Ideas and Inspiration for
Artisan Jewelry Designers

    for Vintage Jewelry Supplies
The Layering Technique
 

It's fun to create beautiful jewelry from found objects and all sorts of available materials by using the technique of layering, combined with a bit of artistic ability and ingenuity. This was always the technique I favored during the ten years I earned my living as a designer.
 
The overall effect is elegant and the layers lend a bit more substantial weight to your work. I used an endless combination of textures, color hues and materials. At times I also hand painted the metal pieces to define them even more. The point is that you shouldn't limit yourself to using items only in the way they are presented to you. Think of the items shown on our site as the parts of a puzzle or as building blocks. The way you combine and layer them creates your own unique work of art to wear.
 
For example, in the necklace shown, I used a vertically drilled bead as if it were a cabochon.  It's your creation so you may use whatever method necessary to achieve the effect that your imagination tells you is pleasing.

To create the necklace shown, I used several items currently offered for sale on our web sites. (The item numbers are listed below in parentheses.)

Products and Instructions

E6000 glue (#A04) was used to mount a 40x30mm gemstone pillow shaped oval bead into the setting frame combination of a simple smooth pronged setting (#T47) glued onto a rope edged setting (#CC56) with the loop facing downward. There is a tiny silver plated cable chain (#A746) glued into the space where the two settings were joined. This little trick fills in the empty space where you glued the two settings together and adds a more finished look.

To the back of the setting an ornate flat stamping (#L101) was glued to give you openwork from which to attach strands. To finish the back and make it look pretty also, I layered another small filigree (#A115) to hide and reinforce the former step.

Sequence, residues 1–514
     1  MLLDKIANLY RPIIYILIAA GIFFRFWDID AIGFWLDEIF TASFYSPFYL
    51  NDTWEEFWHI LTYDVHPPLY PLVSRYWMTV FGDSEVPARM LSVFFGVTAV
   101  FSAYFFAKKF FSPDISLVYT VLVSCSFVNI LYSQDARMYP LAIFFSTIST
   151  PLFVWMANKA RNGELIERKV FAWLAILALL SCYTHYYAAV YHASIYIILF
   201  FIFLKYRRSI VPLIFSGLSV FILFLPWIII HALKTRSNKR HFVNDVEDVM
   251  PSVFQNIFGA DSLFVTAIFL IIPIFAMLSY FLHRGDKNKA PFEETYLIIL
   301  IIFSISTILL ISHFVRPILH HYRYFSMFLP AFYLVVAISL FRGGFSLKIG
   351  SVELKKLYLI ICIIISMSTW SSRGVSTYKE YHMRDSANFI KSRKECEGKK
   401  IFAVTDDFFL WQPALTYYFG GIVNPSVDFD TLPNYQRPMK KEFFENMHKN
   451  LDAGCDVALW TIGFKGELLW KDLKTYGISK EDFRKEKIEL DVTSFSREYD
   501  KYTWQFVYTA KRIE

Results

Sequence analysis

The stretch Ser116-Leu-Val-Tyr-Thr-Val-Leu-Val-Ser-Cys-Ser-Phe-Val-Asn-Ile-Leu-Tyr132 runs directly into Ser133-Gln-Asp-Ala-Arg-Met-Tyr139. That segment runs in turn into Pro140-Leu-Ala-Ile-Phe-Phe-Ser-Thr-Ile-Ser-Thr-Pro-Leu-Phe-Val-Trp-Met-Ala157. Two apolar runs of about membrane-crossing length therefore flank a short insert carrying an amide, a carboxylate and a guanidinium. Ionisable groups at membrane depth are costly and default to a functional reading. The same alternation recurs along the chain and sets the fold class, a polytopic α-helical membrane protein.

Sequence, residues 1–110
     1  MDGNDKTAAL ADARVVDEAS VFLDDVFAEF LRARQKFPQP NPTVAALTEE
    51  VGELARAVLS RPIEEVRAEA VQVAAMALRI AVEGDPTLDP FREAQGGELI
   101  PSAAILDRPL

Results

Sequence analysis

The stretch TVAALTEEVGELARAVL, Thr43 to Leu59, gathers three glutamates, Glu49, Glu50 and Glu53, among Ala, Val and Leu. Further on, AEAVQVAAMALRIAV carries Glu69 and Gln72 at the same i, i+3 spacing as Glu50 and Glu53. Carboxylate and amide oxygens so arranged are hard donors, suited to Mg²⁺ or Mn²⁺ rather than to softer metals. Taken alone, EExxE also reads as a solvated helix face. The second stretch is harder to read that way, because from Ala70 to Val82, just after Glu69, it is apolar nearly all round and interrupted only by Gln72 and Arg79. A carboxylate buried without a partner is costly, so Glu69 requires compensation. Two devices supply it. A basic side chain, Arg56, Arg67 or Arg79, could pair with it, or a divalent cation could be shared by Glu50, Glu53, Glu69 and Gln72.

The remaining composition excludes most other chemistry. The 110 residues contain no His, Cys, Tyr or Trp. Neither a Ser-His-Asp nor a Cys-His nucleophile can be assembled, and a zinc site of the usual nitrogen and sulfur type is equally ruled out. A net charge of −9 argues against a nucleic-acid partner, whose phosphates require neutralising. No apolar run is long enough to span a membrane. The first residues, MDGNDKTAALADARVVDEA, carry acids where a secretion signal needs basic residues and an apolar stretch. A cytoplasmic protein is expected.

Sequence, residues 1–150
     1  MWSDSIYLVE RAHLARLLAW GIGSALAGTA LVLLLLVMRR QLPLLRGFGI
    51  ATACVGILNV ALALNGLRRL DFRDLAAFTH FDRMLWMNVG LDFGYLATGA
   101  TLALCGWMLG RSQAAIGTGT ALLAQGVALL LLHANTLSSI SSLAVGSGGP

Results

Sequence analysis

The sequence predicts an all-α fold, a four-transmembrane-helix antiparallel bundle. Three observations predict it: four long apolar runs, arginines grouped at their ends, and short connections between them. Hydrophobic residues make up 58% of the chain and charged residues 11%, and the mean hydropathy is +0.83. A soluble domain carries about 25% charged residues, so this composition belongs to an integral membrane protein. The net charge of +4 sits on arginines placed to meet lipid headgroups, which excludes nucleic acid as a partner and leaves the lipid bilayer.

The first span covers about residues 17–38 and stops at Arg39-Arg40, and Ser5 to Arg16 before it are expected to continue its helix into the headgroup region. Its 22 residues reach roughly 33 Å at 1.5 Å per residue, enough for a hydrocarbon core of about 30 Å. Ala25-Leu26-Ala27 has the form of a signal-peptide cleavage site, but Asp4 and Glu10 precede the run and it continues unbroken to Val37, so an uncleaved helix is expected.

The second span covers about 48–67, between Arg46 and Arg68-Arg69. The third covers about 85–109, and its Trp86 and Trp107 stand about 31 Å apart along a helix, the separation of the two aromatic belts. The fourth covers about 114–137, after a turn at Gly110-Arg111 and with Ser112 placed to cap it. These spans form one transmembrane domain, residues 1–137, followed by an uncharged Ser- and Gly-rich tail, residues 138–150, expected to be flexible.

Next I glued an ornate setting frame (#BB64) on top of the gemstone bead.  A crown edge setting (#DD31) with a mother of pearl cabochon (#R360) mounted inside tops the gemstone bead.

Note that I used a neutral combination of colors which complement each other without actually matching. This pleasing neutral color combination also allows the owner to wear this necklace with a variety of clothing styles and colors.

When you are careful to match each bead, jump ring and headpin, the overall effect is one of being made by a machine or an assembly line rather than the hands of an artist with a unique vision. The difference in hues in the metals used and the variety of colors in the cabochons and beads adds to the aesthetic appeal and of the design. Don't avoid mixing items in various colors and textures, rather embrace the rich effect which results from using a variety of materials which don't necessarily match exactly.

Balance components

The layers of  oxidized sterling silver brass plated components used in this design, were alternated between simple and ornate to avoid becoming too busy.  The result is a visual overload when you layer too many filigrees or textured pieces with no smooth lines in between. Remember to balance textures and lacy filigrees with smooth edges.

Repeat variations of color

Repeat the hues of colors and textures throughout the beading strand so that it is related to the pendant. Keep scale in mind as you join the pieces together. A tiny jumping will not be visually or physically strong enough to join bold pieces.

I used single links of oxidized sterling silver plated steel rollo chain or double jump rings to keep the scale of this necklace strand in line with the pendant. Hollow tube beads called noodle beads  in oxidized sterling silver plated brass allow for smooth sleek lines as well as a functional curve to the strand. A variety of bead caps layered onto related bead colors finish out the remainder of the strand which supports the focal point pendant.

More about E6000

I've used E6000 glue exclusively for many years to join metal to glass, as well as gemstones, leather, wood and a whole host of other materials. I've even glued a table top to a base with it. Even after years of use they are still attached.

Always allow the E6000 glue to set up for twenty-four hours before gently folding prongs into place. If you use this glue straight from the tube or a plastic applicator tip while it's clear and very stringy, you will literally have to use pliers to force pieces apart after they have been allowed the proper curing time. Always use glues, paints or any other chemicals in a well ventilated area.

When the setting you like has no loops.

Easy layering can give you the look you want and the size of setting you need. Here's an example:



To make this setting connector I used two pieces glued together...
#S280 Arts and Crafts Style 10mm Oxidized Brass Setting and #A199 Three Strand Connectors Keyhole Detail Oxidized Brass.

You can always clip off extra rings if you don't want to use them.







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